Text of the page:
In our daily hustle, health tends to be one of the first to drop off our priority list. After a hard day’s work, you want to sit back and relax, rather than going for an hour-long jog around your neighbourhood. For office-bound work, sitting for long hours can also result in health problems.
Forking out hundreds of dollars on a gym membership may not be everyone’s cup of tea, but there are some easy and practical ways that you can invest in your health and wellbeing:
- Create a standing workstation. All you will need is an adjustable laptop stand. You can go one step further by investing in a stability ball, effectively turning your workspace into your workout space.
- Choose an affordable exercise activity like jogging or yoga, and schedule this in the morning before your day’s activities begin. There are also plenty of free and fun group exercise classes across the island.
- Get insured early. Even the fittest person falls sick. Getting yourself insured in the event of sickness can be a way of saving yourself financial stress and anxiety in the future.
While it seems that different aspects of life push us in different directions simultaneously, it is important to keep track of what we truly want to achieve. Investing in what is most important to us is just as important as keeping track of our financial investments. What are you choosing to invest in today?
Taking care of our dependents as well
As we move towards our retirement years, we would need to think about our dependents and their quality of life after us. While we may imagine our retirement years to be happy, in good health and surrounded by our family, sometimes, life can take a turn for the worse when we least expect.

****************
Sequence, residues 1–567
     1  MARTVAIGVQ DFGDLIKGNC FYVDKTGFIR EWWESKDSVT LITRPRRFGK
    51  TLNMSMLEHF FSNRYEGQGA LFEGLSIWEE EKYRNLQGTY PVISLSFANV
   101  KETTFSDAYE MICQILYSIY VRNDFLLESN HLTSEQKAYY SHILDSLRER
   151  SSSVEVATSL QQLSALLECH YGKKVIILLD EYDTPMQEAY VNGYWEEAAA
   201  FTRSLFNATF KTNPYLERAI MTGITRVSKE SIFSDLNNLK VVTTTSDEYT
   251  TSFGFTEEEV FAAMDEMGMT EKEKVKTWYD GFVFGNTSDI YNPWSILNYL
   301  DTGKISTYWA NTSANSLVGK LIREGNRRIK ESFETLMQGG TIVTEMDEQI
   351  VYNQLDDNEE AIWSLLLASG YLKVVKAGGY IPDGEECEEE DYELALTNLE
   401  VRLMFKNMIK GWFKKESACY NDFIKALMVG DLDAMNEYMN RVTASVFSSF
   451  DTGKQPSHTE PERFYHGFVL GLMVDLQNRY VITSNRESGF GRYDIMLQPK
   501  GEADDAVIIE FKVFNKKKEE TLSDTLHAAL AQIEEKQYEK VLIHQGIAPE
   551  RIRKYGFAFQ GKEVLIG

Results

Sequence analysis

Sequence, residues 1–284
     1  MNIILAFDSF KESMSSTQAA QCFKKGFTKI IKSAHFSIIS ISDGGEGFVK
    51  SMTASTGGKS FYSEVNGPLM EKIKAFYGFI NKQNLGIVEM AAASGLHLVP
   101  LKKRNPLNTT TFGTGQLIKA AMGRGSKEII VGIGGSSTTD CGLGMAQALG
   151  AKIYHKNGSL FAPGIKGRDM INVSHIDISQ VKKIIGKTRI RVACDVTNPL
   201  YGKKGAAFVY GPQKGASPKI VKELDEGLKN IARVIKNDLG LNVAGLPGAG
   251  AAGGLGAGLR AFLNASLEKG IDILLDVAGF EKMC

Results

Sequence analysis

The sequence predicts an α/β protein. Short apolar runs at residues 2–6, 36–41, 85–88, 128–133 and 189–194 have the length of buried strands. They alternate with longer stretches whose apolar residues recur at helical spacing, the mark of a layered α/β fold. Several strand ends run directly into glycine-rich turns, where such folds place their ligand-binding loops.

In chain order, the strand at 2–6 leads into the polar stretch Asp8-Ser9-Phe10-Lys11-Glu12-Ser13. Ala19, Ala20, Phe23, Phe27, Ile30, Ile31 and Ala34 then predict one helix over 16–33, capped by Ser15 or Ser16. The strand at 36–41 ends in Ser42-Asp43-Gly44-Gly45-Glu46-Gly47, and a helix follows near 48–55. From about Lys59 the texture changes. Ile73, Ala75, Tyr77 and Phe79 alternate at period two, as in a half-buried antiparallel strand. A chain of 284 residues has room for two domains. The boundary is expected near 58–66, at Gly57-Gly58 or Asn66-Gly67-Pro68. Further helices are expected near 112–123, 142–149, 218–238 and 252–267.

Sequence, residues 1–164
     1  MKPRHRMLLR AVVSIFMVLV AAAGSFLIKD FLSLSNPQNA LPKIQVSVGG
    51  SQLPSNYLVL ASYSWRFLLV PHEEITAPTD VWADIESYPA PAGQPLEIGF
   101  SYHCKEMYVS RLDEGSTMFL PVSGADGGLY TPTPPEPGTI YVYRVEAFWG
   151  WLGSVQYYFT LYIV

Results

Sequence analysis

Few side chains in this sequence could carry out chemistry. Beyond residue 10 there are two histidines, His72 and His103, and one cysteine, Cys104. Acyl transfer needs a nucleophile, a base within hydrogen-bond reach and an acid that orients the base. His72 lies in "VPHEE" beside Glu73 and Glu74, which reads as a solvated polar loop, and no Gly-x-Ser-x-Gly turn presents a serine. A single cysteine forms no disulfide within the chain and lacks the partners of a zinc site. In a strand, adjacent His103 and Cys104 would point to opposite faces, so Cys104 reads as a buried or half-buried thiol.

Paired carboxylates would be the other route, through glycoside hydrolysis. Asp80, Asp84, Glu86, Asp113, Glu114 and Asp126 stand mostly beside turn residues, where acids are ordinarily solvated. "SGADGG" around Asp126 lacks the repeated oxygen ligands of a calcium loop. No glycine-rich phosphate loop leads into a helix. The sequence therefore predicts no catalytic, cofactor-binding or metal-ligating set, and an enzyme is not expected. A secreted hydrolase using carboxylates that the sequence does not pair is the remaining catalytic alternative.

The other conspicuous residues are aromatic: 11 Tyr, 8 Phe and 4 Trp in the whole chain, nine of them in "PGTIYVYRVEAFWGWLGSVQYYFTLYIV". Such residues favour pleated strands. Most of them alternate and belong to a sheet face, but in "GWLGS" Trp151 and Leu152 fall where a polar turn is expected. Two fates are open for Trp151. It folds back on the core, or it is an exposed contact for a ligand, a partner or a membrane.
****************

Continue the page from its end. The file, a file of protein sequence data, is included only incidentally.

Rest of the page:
This could be a sickness that requires a huge amount of money for treatment or expensive long-term care that we didn't plan for, which could place a financial burden on our loved ones. It is thus important to ensure we've got our healthcare expenses covered with the appropriate insurance.
For those who have dependents, you may want to think about leaving them with a sum of money that can help them maintain their quality of life after you have passed on. This can be in the form of a life insurance that you've paid for.
This advertisement has not been reviewed by the Monetary Authority of Singapore. The information in this article does not necessarily reflect the views of Manulife (Singapore) Pte. Ltd. All stated information, including external links, are general information and does not constitute or form any recommendation of insurance plan. Certain information in this article may be taken from external sources, which we consider reliable. We do not represent that this information is accurate or complete and should not be relied upon as such.
This article is for your information only and does not consider your specific investment objectives, financial situation or needs. We recommend that you seek advice from a Manulife Financial Consultant before making a commitment to purchase a policy.